Debs then attached the Espionage Act. He told the jury he believed in the, "right of free speech in war as well as in peace... I would under no circumstances suppress free speech. It is far more dangerous to attempt to gag people than to allow them to speak freely what is in their hearts."

In concluding his speech to the jury Debs said,

Gentlemen, I am the smallest part of this trial. There is an infinitely greater issue that is being tried in this court, though you may not be conscious of it. American institutions are on trial here before a court of American citizens.

The jury found Debs guilty. Judge D.C. Westenhaver praised Debs's courage and sincerity, but that he was still an "enemy of his country," and sentenced him to a ten-year prison term. Debs remained free while the case was appealed to the Supreme Court. World War I ended on November 11, 1918 and the government ceased enforcing the Espionage Acts. However, the Supreme Court upheld Debs's conviction.

As Eugene V. Debs began serving his sentence on April 1919 he said, "I enter the prison doors a flaming revolutionist- -my head erect, my spirit untamed and my soul unconquerable."

Soon after the war-end public figures urged President Wilson to pardon hundreds of Americans jailed for speaking against the war. Senator Joseph France of Maryland supported the idea saying,

Freedom of opinion is the cornerstone of American democracy. It does not mean merely freedom of sound opinion, freedom to say what the majority approves. It means freedom to err, to differ from the majority and even to believe what is not true.

When Debs was told that Wilson would pardon those who would publicly repent their criticism of the war he shouted,

Repent! Repent! Repent! Repent for standing up like a man! For having a conviction about a public question and standing by it for the cause! Why, before I would don the sackcloth and get down into the ashes before the Attorney General or any other man on earth for having a principle, I would gladly walk to the gallows or the stake.

President Wilson heard of Debs's statement and said,

I will never consent to the pardon of this man. While the flower of American youth was pouring out its blood to vindicate the cause of civilization, he stood behind the lines sniping, attacking, and denouncing them. Before the war he had a perfect right to exercise his freedom of speech to express his own opinion, but once the Congress of the United States declared war, silence on his part would have been the proper course to pursue...This man was a traitor to his country and he will never be pardoned during my administration.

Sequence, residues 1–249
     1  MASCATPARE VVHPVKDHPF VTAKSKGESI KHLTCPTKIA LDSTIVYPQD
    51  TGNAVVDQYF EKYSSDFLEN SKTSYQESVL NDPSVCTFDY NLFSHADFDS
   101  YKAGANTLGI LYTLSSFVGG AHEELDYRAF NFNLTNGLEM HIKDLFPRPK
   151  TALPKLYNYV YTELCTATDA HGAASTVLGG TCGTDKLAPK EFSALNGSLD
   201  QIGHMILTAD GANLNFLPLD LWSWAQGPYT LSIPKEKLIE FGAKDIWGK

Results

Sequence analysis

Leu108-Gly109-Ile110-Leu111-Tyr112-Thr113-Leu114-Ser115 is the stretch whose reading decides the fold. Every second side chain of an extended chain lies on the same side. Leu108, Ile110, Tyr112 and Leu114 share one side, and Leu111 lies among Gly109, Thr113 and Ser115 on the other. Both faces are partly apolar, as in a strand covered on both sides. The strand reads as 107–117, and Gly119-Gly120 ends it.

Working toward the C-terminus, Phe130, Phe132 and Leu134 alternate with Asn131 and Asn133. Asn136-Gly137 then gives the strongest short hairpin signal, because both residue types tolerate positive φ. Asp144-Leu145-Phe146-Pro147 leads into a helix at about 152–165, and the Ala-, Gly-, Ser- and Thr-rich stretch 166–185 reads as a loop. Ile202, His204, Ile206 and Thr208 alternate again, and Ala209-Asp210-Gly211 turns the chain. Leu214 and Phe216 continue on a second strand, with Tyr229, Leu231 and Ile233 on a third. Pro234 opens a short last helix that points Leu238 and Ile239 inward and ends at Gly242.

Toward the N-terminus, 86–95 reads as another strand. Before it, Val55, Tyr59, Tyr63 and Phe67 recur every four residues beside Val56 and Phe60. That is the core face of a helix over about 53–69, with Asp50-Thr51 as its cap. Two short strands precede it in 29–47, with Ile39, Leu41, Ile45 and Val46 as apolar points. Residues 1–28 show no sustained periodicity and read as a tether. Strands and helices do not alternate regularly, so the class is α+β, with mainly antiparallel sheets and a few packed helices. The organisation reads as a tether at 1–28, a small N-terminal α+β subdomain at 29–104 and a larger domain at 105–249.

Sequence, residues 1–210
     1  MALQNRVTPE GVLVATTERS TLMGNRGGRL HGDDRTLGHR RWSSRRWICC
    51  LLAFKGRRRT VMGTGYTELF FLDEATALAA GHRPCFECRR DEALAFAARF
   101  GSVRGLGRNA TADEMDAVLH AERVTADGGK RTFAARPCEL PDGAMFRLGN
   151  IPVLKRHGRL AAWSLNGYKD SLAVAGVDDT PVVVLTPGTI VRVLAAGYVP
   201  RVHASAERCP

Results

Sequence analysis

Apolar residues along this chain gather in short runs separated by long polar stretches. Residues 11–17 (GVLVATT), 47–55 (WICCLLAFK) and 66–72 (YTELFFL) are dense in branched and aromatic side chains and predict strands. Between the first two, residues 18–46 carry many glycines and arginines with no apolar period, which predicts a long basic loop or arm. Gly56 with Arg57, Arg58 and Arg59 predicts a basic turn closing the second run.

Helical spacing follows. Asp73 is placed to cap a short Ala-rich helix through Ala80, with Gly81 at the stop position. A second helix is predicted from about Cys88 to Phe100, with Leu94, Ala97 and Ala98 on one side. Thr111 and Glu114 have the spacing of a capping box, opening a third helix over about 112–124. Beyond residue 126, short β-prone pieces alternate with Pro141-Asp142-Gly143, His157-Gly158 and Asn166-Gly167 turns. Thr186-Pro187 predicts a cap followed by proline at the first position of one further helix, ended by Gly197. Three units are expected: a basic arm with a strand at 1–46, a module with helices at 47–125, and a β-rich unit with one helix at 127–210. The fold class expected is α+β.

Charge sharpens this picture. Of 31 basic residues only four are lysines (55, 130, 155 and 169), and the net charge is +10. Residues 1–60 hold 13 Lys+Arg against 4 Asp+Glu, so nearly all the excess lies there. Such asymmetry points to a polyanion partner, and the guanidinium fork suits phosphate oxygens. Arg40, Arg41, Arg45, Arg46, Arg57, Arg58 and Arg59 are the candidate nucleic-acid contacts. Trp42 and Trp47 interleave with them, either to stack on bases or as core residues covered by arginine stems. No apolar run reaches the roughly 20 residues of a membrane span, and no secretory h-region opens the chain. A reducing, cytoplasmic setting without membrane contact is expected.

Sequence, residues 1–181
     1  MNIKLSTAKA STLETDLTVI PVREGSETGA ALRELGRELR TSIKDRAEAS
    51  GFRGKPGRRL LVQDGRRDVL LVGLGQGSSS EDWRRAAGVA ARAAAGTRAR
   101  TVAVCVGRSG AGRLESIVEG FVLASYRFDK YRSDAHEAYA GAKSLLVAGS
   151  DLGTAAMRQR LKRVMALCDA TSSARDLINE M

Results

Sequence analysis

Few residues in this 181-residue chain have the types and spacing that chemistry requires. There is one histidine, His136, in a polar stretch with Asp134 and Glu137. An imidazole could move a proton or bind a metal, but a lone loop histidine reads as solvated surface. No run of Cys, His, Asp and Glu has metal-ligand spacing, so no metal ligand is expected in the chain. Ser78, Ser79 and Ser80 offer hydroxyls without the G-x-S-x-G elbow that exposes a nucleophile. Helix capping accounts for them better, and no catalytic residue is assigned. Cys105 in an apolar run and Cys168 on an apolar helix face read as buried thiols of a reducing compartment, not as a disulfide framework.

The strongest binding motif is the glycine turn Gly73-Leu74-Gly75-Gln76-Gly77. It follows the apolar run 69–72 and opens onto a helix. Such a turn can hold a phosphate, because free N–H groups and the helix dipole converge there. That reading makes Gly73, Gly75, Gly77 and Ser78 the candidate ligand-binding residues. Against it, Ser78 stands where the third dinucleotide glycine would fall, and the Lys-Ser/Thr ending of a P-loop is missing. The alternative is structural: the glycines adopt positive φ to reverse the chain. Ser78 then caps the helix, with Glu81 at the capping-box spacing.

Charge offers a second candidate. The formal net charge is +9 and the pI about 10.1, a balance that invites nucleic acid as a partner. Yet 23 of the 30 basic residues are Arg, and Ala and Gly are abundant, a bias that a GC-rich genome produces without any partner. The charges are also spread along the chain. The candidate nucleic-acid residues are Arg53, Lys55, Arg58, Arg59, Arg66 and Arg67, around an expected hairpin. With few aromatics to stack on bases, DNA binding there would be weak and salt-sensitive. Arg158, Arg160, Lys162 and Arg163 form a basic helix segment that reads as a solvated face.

Debs was given Wilson's message and replied, "It is he who needs a pardon, not I."

Eugene V. Debs's incarceration in an Atlanta federal prison influenced the 1920 election. The Socialist Party nominated Debs again as its presidential candidate. The Republicans nominated Warren G. Harding who then accused the Democrats of filling American jails with political prisoners. Harding promised, during his campaign, to free most of the prisoners jailed for speech crimes.

The Democrats nominated James M. Cox, who received only 9 million votes. Harding garnered 16 million and Eugene V. Debs, in jail, received over 900,000 votes.

Wilson still felt malice towards Debs. Before Wilson left office Attorney General Mitchell Palmer recommended a pardon for Debs. Wilson wrote on word on the petition, "Denied."

It was left to Harding, who seemed to be in no hurry to pardon Debs until finally issuing the pardon on Christmas Day in 1921. Later, when Debs was invited to the White House, Harding said, "I have heard so damned much about you, Mr. Debs, that I am very glad to meet you personally."

Since World War I the Supreme Court seems to agree with Eugene V. Debs and has handed down several decisions that have limited the government's ability to restrict free speech in wartime. From World War II to today, dissenters are allowed to speak and publish freely.

The Bandwagon wished to thank Richard Sheppsaid for much of the information in this article.